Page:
I’m a U.S. Resident Living in New Zealand With U.S. Student Loan Debt. – Tess

“Dear Steve,

I have a BS in Psychology from the University of Texas at Arlington and am just now finishing up my medical degree from the University of Auckland in New Zealand. (Finish Nov 9)

I ended up taking out some private loans during my undergrad as my parents were against PLUS loans, and I was paying for everything myself. I have about 23,000 in private loans now (since interest has been accumulating for the past 5 years of my medical degree).

In terms of federal loans, well, that equates to $400,000…but I have my degree!? My undergrad I came out with about 35,000, but the sheer cost of medical school has significantly elevated the debt. On top of that, I didn’t have the ability to work, so more had to be taken out for cost of living.

I’m living overseas and don’t have any income they can base consolidation of private loans on as I am about to FINALLY start working in November, but the work is in New Zealand. While many have told me, I should just run away from the debt because I don’t want to work in the states, it is dishonest, and as a doctor, I feel I need to take the moral high ground. Is filing for bankruptcy an option for me?

How the heck do I go about this? With the private loans, I obviously want to pay those off as quick as possible and really want to know a way I can consolidate without having to work for a year so that I can prove I’m making some money…otherwise the interest is just going to keep on coming.

I’ve looked at personal loans here in NZ to try and just do a one-off payment, but the interest rates on those suckers are 15%. Oh, and since I’ve been in school since basically 1982, I am currently already paying down the interest on the private loans monthly because I exhausted the maximum deferment period. That’s already $150, and my federal loans are looming to kick in in May.

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With the federal debt, I was thinking income based contingency plan may be best as I think it’ll work out that I just end up paying the debt I owe without the interest since there is SO much of it and 25 years is a REALLY long time. Thoughts on this one? I won’t be making much the first few years and will be only working part-time after that to take care of kids for a while. I figure that gets me through the first ten years?

Let me know if you need further information. I know exactly how confusing my situation is.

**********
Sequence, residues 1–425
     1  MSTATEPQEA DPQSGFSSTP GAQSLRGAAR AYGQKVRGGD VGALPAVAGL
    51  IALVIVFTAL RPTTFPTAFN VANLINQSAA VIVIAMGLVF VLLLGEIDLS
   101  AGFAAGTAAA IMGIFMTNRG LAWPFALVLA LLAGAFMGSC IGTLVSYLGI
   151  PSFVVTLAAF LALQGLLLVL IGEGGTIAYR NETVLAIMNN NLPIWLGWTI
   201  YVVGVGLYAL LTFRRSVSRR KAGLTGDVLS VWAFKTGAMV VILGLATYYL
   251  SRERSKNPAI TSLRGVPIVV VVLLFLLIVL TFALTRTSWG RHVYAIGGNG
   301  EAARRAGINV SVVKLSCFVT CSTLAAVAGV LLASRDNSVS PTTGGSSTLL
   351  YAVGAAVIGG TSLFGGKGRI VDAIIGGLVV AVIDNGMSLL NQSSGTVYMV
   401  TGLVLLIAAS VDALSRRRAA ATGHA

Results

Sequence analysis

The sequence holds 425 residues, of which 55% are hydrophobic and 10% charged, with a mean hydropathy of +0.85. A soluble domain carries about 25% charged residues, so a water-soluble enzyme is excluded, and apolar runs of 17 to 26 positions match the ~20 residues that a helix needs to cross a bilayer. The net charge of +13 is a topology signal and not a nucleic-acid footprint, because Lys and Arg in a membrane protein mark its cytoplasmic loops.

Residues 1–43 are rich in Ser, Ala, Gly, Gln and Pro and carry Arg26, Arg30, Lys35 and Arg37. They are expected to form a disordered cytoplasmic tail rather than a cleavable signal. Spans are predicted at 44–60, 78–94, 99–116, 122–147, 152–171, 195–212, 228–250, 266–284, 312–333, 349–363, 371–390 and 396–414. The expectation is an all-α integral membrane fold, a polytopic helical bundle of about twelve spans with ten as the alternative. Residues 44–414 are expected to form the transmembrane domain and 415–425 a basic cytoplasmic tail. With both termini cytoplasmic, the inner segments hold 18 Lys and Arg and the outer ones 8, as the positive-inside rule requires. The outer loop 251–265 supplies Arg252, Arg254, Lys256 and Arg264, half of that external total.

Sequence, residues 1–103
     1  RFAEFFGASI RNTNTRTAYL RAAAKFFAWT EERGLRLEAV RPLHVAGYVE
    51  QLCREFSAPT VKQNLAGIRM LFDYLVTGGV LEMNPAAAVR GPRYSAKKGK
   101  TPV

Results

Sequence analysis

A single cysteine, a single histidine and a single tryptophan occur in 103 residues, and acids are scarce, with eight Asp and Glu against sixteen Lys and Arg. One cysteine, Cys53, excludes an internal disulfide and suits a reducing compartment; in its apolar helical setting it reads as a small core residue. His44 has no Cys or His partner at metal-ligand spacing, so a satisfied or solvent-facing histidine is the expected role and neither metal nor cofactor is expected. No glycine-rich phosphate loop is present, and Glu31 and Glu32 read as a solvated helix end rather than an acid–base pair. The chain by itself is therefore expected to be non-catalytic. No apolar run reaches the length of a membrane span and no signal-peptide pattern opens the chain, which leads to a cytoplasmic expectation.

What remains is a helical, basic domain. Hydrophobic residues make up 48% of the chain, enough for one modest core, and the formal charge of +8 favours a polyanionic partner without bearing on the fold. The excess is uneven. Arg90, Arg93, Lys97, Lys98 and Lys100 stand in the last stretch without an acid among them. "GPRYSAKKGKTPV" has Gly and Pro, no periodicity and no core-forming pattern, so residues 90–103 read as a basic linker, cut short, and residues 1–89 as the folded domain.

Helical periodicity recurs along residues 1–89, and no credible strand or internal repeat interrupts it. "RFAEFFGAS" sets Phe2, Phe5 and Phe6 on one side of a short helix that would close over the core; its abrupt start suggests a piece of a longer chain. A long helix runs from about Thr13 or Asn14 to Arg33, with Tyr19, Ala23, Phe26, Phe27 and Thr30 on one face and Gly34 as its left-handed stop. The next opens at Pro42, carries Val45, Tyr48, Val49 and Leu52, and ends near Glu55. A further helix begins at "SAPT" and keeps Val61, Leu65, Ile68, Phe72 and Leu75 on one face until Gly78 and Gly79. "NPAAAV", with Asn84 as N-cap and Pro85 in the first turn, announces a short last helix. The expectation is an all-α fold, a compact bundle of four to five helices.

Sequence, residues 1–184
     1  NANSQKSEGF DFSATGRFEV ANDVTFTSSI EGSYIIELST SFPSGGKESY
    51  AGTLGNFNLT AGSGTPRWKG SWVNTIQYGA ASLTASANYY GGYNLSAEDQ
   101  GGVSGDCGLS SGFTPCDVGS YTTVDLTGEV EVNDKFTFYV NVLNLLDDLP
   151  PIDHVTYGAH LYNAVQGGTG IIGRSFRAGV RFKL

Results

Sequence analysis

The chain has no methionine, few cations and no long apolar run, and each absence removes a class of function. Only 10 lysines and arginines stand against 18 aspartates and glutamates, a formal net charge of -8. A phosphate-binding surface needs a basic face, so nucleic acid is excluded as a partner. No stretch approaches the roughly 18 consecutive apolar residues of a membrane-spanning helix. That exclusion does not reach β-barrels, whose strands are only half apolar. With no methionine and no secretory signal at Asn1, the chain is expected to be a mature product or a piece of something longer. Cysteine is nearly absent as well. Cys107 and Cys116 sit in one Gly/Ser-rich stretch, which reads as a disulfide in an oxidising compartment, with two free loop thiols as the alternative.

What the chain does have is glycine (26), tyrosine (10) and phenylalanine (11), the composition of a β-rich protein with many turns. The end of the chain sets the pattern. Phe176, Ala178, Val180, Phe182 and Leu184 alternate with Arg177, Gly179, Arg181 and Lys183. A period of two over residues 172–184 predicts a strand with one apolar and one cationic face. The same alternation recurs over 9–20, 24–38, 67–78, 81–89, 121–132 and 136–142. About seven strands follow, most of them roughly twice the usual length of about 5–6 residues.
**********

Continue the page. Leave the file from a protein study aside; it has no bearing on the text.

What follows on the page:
Dear Tess,

Congratulations on graduating and living in New Zealand. It’s a place I would love to visit in my life.

On an additional note, this year I learned how difficult it has become for out-of-country medical school graduates to get a suitable residency in the U.S. so they can eventually practice medicine in the U.S. By some estimates there is a 25% shortage is residency slots and people who now are the hook for medical school loans are not able to become a doctor.

On the private loans, they are what they are. They will want payment and the only options will be any plan the private lender offers.

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On the federal student loans there are actually colleges out of the U.S. for which you can get U.S. federal student loans. I don’t know if your school was on the list.

You will need to apply for and qualify annually for and federal income based repayment programs.

The reality on the private loans is if you can’t afford them and they are unwilling to workout a suitable payment arrangement you might just have to let them default. It is unlikely today that you would be chased in NZ over the loans.

Your statement about the moral ground is interesting. It is certainly not a black and white issue. If the loan is the more important thing to deal with then walk out of school today and get a job making money to make payments. But if the goal is to finish what you started and graduate from medical school, then focus on that and deal with the rest.

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This is not a moral issue but a priority and logic issue.

Please post your responses and follow-up messages to me on this in the comments section below.

Damon Day - Pro Debt Coach

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Steve Rhode is the Get Out of Debt Guy and has been helping good people with bad debt problems since 1994. You can learn more about Steve, here.
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